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Unidentified German Shell Case - Help please.

polte magdeburg shell identification german

12 replies to this topic

#1 pelops

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Posted 08 May 2013 - 10:37 AM

Hi,

I am hoping someone will help identify a large shell case that I recently came across. I have been looking through forums and images for the last 3 days but can't find the same bore or length.

I am on the Isle of Wight and wondered whether it ay be from a ship as lots of Maritime items turn up here - Can anyone please help?
I would especially like to know what type of gun it was used in if anyone knows.

Posted Image

It has not been cut down as it has the internal thread at the end.

The Base markings are POLTE - MAGDEBURG - SEPT - 1915 - 20 - (Crown Mark) Mg3.

Measurements - Base 175mm - Top 153mm - Length 722mm.


Thanks on advance.

#2 centurion

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Posted 08 May 2013 - 11:12 AM

Isn't it unusual for a cartridge case to have an internal thread?

#3 bruilooze

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Posted 08 May 2013 - 11:16 AM

Isn't it unusual for a cartridge case to have an internal thread?

Isn't it unusual for a cartridge case to have an internal thread?


maybe the original poster is looking at the primer hole

#4 TonyE

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Posted 08 May 2013 - 11:24 AM

It is one of the several types of 15cm guns used by the navy, but am away from my sources at the moment. I will post later this evening if no-one else has identified it meanwhile.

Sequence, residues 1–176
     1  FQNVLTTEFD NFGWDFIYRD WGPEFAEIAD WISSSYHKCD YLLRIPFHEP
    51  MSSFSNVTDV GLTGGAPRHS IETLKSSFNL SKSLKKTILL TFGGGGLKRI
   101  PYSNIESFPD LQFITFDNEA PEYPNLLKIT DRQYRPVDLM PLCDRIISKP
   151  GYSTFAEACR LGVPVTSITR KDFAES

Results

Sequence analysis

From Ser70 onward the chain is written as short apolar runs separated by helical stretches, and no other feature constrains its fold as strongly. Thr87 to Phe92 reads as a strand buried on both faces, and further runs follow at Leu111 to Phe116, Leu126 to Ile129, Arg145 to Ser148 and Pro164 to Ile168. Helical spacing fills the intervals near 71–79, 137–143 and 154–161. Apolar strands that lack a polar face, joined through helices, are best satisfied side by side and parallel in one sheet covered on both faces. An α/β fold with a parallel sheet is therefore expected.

Regards
TonyE

#5 Torrey

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Posted 08 May 2013 - 11:29 AM

Hello, Pelops - The measurements that you provide indicate that it probably is a 150x727 shell case for the 15cm K-15 long-range artillery piece. It is not a naval shell case, because the month of manufacture is shown as "SEPT" rather than "IX" (Roman numerals were used on naval shell cases). Regards, Torrey

#6 centurion

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Posted 08 May 2013 - 11:38 AM

And isn't it a cartridge case not a shell case?

#7 pelops

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Posted 08 May 2013 - 01:42 PM

Hi,

thanks for the info. It definately has an internal thread. See photo. - I have also weighed it as it is very heavy and it is 8 Kilos in weight.


Posted Image

#8 MikB

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Posted 08 May 2013 - 03:30 PM

Hi,

thanks for the info. It definately has an internal thread. See photo. - I have also weighed it as it is very heavy and it is 8 Kilos in weight.


I don't think that's an intentional internal thread - it would be extremely difficult to locate anything accurately to screw into a thread that large and that fine. I think those are just machining marks from a good, sharp boring bar at a coarse feed to bring it to diameter in a quick operation.

Regards, MikB

#9 pelops

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Posted 08 May 2013 - 06:39 PM

Hi,

thanks everyone for their input. I have searched for 150 x 727 shell case as described by Torrey above and have found the following in someones online catalogue, which appears to be similar. Torrey says it can't be a Naval Shell as it has SEPT and not Roman Numerals, however the following example is also shown with the month name rather than number. -